Ron Pinhasi: Looking at ancient DNA

How did people look like, interact, migrate and bond 15,000 years ago? Anthropologist Ron Pinhasi finds answers to these and other questions by reconstructing past genes and genomes from ancient human DNA. uni:view interviewed the researcher on the occasion of his public lecture.

Examining human skeletons, selecting the best skeletal tissue and sampling teeth and bones – what might sound like the opening scene of a horror movie is Ron Pinhasi's daily business. The anthropologist analyses ancient DNA that he extracts from human remains. "What we do with DNA is counter-intuitive to what people think the DNA should tell us. For us, the DNA is a medium to get information about social processes that happened in the past: mating patterns, changes of population sizes, migration, physical growth, nutrition habits or kinship between individuals," the researcher explains.

Body's best bone

In 2014, the former ERC Grant holder developed a method for sampling human petrous bones for the analysis of ancient DNA which has transformed the field of ancient DNA. Since 2014, most researchers in the field have been using Pinhasi's method. "The only skeletal element which shows the – on average 300-400 times – higher endogenous DNA content is the inner ear's petrous bones when compared to other skeletal elements."

However, researchers in Pinhasi's team do not look for ancient DNA in teeth and bones only: Two years ago, they explored cave systems in the Republic of Georgia, and extracted ancient DNA from animals and plants from cave stalagmites which date back between 70,000-90,000 years. "We try to find the DNA wherever it is included in cave stalagmites and sediments," says Pinhasi.

The study of environmentally degraded bones

"You have to understand how environments interact with the human body after death." Hot and humid – in southern regions it is especially hard to obtain authentic ancient DNA. This is the reason why the majority of researchers focus on cool regions such as Siberia or Northern Europe where bones tend to preserve better. Ron Pinhasi is not one of those researchers: The anthropologist and his team like challenges – "otherwise it would get boring!" They are going to analyse the DNA of individuals that were buried near a volcano in Southern Europe: "Covered in ash and 70 degrees of heat – this kind of environmental conditions usually destroys any DNA. But we are going to try our luck anyway."

Filling a gap in our current knowledge

Pinhasi prefers to work with "bad" samples and focuses on the prehistory of regions such as Southern Europe, South Asia, East Asia, the Middle East, Central America, South America, Africa and Australia. "In these regions, we face major gaps in our knowledge about the prehistory in terms of genetics. I am trying to fill this gap by applying a range of novel ancient DNA optimisation methods which we developed for human remains," Pinhasi explains.

Researchers from the University of Cambridge and Ron Pinhasi from the University of Vienna recently conducted the first study to compare ancient and living female bones. The results show that routine manual labour of women during early agricultural eras was more arduous than the physical demands of rowing in Cambridge University's famous competitive boat clubs. The researcher says that the findings suggest a "hidden history" of women's work stretching across millennia. Read more (Photo: Dunens CC BY 2.0)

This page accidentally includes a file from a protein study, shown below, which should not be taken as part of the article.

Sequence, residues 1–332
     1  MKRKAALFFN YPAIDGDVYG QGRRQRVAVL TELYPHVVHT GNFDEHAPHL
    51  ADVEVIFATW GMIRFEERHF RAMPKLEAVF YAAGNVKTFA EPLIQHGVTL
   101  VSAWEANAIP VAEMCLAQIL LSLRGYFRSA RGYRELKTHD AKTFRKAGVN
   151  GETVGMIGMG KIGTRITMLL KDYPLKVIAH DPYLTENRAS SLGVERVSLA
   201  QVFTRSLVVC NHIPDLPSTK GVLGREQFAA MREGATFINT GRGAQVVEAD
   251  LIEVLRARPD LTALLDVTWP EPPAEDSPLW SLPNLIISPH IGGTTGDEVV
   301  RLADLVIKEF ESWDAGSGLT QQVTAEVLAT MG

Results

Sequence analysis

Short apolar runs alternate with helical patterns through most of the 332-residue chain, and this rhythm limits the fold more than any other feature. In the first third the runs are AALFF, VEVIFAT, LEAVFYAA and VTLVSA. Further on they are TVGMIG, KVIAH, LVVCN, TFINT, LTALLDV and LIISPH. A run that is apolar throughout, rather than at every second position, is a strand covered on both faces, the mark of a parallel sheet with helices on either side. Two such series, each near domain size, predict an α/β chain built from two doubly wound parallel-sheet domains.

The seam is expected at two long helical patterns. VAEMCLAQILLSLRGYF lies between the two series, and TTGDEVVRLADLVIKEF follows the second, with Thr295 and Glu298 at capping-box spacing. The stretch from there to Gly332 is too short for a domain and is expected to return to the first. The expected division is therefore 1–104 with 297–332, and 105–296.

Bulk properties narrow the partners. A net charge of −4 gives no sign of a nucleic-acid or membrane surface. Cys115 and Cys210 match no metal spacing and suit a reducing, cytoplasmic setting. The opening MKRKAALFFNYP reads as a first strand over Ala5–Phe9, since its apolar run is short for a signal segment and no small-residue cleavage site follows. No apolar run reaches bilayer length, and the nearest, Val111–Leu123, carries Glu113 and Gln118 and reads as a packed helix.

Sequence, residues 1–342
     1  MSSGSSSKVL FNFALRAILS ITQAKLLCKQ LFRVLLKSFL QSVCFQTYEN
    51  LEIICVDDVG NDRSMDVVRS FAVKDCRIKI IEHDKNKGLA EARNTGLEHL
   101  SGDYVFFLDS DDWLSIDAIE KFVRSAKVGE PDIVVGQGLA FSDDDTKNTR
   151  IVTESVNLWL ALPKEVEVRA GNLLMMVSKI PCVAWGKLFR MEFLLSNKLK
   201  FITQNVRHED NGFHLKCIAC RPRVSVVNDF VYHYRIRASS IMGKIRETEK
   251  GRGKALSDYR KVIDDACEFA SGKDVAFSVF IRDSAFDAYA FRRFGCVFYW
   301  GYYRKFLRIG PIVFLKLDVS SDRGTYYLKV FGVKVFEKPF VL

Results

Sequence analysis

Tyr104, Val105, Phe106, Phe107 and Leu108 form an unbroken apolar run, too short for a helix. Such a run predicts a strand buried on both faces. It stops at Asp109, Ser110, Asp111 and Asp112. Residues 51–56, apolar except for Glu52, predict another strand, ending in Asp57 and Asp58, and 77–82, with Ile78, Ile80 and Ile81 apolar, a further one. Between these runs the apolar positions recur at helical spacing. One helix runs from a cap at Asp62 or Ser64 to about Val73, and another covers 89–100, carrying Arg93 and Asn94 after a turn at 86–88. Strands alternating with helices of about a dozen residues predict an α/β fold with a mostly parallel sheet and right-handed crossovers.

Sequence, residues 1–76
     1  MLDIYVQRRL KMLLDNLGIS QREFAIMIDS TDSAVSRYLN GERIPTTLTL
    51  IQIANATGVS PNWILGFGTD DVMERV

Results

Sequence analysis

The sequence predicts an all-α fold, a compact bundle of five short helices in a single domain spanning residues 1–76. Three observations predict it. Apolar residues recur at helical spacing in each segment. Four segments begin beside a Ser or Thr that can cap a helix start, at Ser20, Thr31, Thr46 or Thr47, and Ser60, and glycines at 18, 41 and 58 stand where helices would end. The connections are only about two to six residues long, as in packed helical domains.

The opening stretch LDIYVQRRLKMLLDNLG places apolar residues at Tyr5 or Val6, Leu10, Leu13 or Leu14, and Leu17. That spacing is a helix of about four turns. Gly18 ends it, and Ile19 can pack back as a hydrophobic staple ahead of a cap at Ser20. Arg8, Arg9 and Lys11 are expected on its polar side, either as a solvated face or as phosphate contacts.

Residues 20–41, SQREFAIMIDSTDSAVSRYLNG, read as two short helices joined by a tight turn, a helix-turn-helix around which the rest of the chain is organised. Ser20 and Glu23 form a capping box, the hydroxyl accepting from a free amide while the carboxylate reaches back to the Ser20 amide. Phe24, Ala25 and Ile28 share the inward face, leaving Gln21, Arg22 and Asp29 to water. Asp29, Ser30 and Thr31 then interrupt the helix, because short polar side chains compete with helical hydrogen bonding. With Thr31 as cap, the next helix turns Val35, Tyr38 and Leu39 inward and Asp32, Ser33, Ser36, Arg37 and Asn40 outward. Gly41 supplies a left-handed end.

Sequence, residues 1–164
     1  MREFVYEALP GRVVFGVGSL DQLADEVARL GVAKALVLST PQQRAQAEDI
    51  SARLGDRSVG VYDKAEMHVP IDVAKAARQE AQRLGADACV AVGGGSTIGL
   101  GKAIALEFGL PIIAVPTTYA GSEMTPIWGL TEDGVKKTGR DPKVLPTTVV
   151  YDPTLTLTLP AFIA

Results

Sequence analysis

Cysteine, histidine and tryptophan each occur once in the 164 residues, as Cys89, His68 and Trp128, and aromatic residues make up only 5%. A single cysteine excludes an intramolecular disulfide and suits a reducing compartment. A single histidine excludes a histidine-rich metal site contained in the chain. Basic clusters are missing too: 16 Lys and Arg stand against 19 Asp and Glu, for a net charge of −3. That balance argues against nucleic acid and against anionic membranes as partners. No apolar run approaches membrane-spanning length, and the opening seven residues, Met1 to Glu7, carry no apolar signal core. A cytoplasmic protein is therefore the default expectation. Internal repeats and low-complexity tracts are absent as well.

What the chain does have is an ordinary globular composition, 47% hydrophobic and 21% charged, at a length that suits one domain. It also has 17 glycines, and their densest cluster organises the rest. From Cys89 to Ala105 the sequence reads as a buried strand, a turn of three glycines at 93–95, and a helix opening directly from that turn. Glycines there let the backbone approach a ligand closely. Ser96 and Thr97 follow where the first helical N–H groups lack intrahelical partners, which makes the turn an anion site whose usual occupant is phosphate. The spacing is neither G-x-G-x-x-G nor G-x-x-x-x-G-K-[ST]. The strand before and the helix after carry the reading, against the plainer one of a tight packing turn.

Around the world

Fieldwork in Vietnam, China and India; studies in Canada, Cambridge and Leuven; lectureships in London and Dublin; initiating the first human ancient DNA laboratory in Ireland – the anthropologist has already travelled around the world. Now, he prefers that his team members carry out the fieldwork: "I prefer to focus on thinking, more than spending time on an airplane. Or maybe I am just getting older and do not have the energy anymore to go from place to place."

Ron Pinhasi built and run the first human ancient DNA laboratory in Ireland, in 2013 and recently, in November 2017, established a new ancient DNA laboratory at the Department of Anthropology, University of Vienna. His team has been working since 2013 on ancient DNA studies of >2500 prehistoric human skeletons (dated between 45,000-500 years ago) from across the world. (Photo: private)

Vienna – a great place for prehistoric research

In 2003, one of his journeys brought him to Vienna. For two years, he held a Lise Meitner postdoctoral position at the Natural History Museum in Vienna, examining the health status of early medieval Austrian populations. During this time, he fell in love with the city and he is now happy to be back in Austria – this time at the Department of Anthropology at the University of Vienna.

"The Danube region is a great place for prehistoric research, since it was a major corridor for interactions and movements. This is evident in the richness of the archaeological records and the network of universities," says Pinhasi. Besides the research environment in Vienna, he likes the local lifestyle: "It's a lot about drinking good coffee and eating well." (hm)

Ron Pinhasi's public lecture "Reconstructing human prehistory through ancient DNA genomics" takes place on 24 January 2018 at 5pm in the Small Ceremonial Chamber, University of Vienna, Universitätsring 1.